Queenie author Candice Carty speaks about the representation of the Black community in publishing

Vogue in its latest Hope series has showcased several hopeful letters from famous personas all over the world who harbour hope regarding several matters at hand. Candice Carty Williams, best seller Queenie’s author. In 2020, while pandemic was raging, Candice became the first British black woman to win Book of the Year at the British Book Awards. More than glee on being honoured, what hit her was the lack of representation in publishing. In a heartfelt letter to the Vogue, Candice wrote about her hope for the future of the publishing industry which will evidently morph into one with a bigger representation of the black community.

In her letter, she talks about her experience when she first stepped into the publishing industry, all hopeful and ignorant. She was one of the only three black women in the building but the point to consider is how she wasn’t surprised of the lack of black women in the industry because that is what she had seen in University of Sussex too.

Her journey at the prestigious HarperCollins publishing house made her aware of the scenario and planted in her the seed to initiate a revolution.

Working on the books was fine, but I wasn’t able to truly connect with them in a way my white colleagues were able to—all of the characters were white. Most of them came from white, middle-class backgrounds. They never had money worries, nor did they suffer any discrimination. That wasn’t a life I could relate to. So, I started a short story prize for underrepresented authors in an attempt to both bring some new voices to the shelves, and to work with, and on, something I could actually see myself in.

Lack of representation of blacks in books frustrated her further and she was convinced that to see inclusion in books and the industry itself, the first baby step needs to be taken. She began writing her book Queenie with hopes of it getting published one day although her insecurity of it being a complete failure loomed over her head.

But her divine hope worked and her book became the first book written by a British black woman to win the Book of the Year at the British Book Awards. Not just that, Queenie was among the Time’s 2019 must-read books. The honour of being the first British black woman whose works got the award was not believable to Candice Carty Williams.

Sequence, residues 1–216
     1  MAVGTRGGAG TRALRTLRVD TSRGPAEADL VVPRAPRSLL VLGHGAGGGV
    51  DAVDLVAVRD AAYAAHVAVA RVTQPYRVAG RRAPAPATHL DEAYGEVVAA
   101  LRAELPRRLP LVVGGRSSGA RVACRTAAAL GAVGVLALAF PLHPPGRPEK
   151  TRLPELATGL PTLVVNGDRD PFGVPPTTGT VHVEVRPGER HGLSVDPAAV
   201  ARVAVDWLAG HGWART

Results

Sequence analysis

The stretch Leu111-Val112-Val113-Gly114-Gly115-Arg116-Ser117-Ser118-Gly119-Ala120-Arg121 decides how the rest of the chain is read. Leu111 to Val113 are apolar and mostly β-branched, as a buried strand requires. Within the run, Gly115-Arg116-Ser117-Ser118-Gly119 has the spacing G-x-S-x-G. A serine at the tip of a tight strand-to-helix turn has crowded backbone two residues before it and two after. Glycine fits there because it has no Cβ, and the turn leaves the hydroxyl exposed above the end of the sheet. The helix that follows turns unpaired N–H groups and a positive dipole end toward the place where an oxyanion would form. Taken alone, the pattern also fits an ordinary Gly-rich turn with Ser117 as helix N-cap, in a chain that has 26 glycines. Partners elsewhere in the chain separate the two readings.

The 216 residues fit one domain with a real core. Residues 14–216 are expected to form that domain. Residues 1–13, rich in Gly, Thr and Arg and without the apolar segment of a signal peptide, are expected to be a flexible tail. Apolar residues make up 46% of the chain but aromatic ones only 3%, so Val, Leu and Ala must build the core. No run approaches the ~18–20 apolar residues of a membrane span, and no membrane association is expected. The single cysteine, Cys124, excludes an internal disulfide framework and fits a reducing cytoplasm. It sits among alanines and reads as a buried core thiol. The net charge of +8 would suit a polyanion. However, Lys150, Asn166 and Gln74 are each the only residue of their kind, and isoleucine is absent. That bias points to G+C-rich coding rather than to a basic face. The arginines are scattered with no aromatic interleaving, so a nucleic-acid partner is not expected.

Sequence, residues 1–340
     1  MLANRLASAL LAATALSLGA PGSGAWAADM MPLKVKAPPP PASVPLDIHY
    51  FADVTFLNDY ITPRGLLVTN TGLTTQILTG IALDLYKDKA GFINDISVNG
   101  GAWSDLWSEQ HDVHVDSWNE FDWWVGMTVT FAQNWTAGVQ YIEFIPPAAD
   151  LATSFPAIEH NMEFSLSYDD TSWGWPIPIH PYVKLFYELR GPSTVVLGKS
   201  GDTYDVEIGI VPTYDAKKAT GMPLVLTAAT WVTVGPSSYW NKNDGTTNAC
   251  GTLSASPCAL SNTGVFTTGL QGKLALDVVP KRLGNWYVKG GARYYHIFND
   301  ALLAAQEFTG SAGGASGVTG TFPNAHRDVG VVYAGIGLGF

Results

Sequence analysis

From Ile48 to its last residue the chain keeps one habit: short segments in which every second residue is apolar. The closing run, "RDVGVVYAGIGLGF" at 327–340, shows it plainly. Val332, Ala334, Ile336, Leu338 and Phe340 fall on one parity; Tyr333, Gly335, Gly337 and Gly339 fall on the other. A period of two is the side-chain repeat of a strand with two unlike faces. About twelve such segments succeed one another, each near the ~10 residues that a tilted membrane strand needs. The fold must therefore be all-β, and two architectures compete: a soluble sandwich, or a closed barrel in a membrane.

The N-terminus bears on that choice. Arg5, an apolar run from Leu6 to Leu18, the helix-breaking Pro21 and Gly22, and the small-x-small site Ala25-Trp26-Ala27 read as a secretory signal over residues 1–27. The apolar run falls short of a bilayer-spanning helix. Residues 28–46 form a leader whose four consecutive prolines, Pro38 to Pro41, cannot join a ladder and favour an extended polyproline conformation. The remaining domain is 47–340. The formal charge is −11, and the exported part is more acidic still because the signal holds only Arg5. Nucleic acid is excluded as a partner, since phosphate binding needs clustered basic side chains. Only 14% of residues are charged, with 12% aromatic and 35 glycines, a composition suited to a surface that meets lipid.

Because I’d worked in the publishing industry, I knew about all of the awards. And one thing I knew and had been genuinely bamboozled by, was that no black person, or indeed black woman, had won that award before—in the 30 years that it had been running.

In her acknowledgement speech she said that despite being immensely happy and proud for being the first person to breaking the stereotype, she realizes that she is not the only black person or woman whose book was worthy of the honour. And the fact that many such women did not even get to tell their story says a lot about the publishing industry and is hoping for a change. In fact, not just hoping, she knows for sure that things will change for the better for her community. The race for the betterment and equal opportunity will throw out industries that do not keep up and this is why the publishing industry must buckle up too.

She ended her letter with a note of positivity.

The newly formed Black Writers Guild, established by authors Afua Hirsch and Nels Abbey, and publisher Sharmaine Lovegrove, composed a fire open letter and sent it to Penguin Random House, Simon & Schuster, Hachette, HarperCollins and Macmillan. The letter gave these publishing houses what is effectively a checklist of easy things to do to ensure that they can be more inclusive and representative, such as addressing the fact that there are no black people on any of the ‘big five’ leadership boards and redressing the imbalance of black staff in publishing houses.

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